So in the gig, I had real trouble hearing myself — and I’ve played in a number of rock bands, live sound is always an issue, especially when you play keyboards and the typical attitude is “if you have the keyboards anywhere near the guitars in volume level, we will say you are playing too deafeningly loud”. I haven’t listened to the tape yet. I didn’t want to turn up my amp, for stage sound, since we had less experienced band members, we’d not all played together before (this was reunion of several iterations of a band), and they were very nervous about on-stage sound.

    Guitar friend of mine in audience, who played in bands with me for 10 years, loves the B3, said the house mix wasn’t too bad (except for bass and drums were very high in mix, which is not “the way it always must be”, but “this is ONE possible way to mix live sound”)(we’d gotten the sound guy to greatly lower how he was doing bass & drums, but not enough).

    I do B3 technique (roars, screams, big glisses, “wow!”s, etc., it’s very messy).

    So, if I play at that club again, I’ll request that we either run our own sound, or not use that sound guy! At reahearsals, we had a guy sitting in for some songs on bass, who works as a sound guy, and he “got” our sound much more (and yeah, of course rehearsals aren’t gigs). Years ago, a couple bands I was in often played a club in Sierra Madre, and the house had 2 possible sound guys; I brought the B3 to those gigs for both bands. After a couple go-rounds, my bands and I said, we’ll play on the nights X sound guy is there, but not on the nights Y sound guy is there, and that’s what we did. The Y sound guy told me “you have to compress your sound”. I’m going, this is a Hammond B3, they by their nature do not fit in some small category, they are dragons!

    I call my self a radical feminist, and even at age 58 it’s hard to say “I want my monitor volume to be higher”. Though I do it! And we can make sure we support other band members in this too.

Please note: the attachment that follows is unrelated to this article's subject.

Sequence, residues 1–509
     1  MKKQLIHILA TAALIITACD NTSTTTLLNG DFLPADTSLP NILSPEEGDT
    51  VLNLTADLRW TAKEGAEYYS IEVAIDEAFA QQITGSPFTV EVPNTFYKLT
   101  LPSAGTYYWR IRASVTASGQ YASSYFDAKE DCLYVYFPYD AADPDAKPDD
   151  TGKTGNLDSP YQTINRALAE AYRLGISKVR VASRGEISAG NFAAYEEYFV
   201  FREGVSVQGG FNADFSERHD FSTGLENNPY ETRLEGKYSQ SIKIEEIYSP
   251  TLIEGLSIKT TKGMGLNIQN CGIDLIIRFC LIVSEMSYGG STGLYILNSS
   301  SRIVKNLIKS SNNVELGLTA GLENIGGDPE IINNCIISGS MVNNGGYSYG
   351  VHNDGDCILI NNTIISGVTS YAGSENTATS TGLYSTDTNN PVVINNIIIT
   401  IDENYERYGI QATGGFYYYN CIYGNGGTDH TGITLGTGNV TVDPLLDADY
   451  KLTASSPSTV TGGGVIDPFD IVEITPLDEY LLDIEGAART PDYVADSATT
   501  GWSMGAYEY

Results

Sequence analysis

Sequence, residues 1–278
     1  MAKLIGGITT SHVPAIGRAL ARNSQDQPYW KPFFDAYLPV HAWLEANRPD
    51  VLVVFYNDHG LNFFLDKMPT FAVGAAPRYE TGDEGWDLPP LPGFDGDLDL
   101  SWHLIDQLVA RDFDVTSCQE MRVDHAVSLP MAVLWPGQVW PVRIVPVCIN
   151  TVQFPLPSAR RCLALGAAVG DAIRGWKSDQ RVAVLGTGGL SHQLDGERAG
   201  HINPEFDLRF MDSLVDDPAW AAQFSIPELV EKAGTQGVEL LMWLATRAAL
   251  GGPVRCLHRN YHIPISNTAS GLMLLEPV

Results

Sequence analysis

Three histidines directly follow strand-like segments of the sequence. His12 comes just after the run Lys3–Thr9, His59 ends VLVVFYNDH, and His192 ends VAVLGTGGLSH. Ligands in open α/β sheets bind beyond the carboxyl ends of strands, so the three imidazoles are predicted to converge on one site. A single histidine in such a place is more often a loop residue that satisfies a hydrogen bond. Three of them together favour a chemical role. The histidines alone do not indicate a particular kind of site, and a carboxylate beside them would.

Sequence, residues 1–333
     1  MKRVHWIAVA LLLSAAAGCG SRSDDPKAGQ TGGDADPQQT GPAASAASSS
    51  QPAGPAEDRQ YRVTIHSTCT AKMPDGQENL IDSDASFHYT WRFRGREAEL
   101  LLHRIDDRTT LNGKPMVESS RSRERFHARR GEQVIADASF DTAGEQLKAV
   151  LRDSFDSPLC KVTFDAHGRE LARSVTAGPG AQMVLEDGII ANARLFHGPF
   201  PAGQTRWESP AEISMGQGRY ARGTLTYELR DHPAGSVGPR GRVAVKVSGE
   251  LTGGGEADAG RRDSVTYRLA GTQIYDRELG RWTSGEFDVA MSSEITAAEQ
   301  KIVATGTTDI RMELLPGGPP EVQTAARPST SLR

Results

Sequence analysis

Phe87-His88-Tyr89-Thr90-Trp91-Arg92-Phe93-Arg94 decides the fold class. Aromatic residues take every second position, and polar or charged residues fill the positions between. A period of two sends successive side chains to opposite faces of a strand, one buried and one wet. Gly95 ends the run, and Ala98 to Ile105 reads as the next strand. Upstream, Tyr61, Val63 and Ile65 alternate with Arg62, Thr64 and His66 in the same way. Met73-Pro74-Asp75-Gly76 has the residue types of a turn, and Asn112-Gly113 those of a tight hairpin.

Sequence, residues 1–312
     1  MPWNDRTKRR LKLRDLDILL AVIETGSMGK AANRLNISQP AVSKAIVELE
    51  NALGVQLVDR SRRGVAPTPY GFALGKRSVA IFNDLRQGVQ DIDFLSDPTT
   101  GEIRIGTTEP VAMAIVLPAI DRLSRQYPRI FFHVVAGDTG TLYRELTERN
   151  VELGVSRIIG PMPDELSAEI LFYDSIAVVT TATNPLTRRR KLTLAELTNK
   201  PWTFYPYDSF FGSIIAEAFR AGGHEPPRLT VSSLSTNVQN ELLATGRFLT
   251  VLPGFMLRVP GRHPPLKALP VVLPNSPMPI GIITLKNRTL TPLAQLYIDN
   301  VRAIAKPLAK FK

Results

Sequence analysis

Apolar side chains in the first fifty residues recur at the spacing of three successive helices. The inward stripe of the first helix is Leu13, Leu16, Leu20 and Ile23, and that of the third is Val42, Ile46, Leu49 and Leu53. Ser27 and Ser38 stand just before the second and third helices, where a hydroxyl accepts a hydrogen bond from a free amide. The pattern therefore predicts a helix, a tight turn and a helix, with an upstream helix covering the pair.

One thing to keep in mind, all you guitarists out there, is, please don’t do the same oppression to keyboardists, that male musicians do to you! Seriously, this has happened in a number of women-only bands I’ve been in — oh, the guitars can be loud! but Goddess forbid the keyboard makes any serious noise! This is “internalized self oppression”, if I recall the terms right.

    So, we had a lot of fun at the gig! after all that! and we’re planning on playing again this summer.

    Gesine
    who still has “Hush” running through her mind

    Monday, April 19, 2010 at 2:33 pm | Permalink
  156. Jules wrote:

    I want to distribute this to everyone I know, or paint it on a wall, or put it on a tshirt.

    You said it all!

    Monday, April 19, 2010 at 5:23 pm | Permalink
  157. kc wrote:

    GIANT. SQUID.

    Monday, April 19, 2010 at 5:40 pm | Permalink
  158. michael wrote:

    dude, le tigre fucking rock. it sounds like you knew too many douchey guys.

    also: heart

    Monday, April 19, 2010 at 7:55 pm | Permalink
  159. All I know is it was my sister who turned me on to Faith No More, and I was thrilled when she liked Rush as much as I did. So there are exceptions.

    I love women’s voices, there just aren’t enough women doing prog rock, and there need to be more, in my opinion.

    Tuesday, April 20, 2010 at 5:53 pm | Permalink
  160. @K: re: Big hands/small hands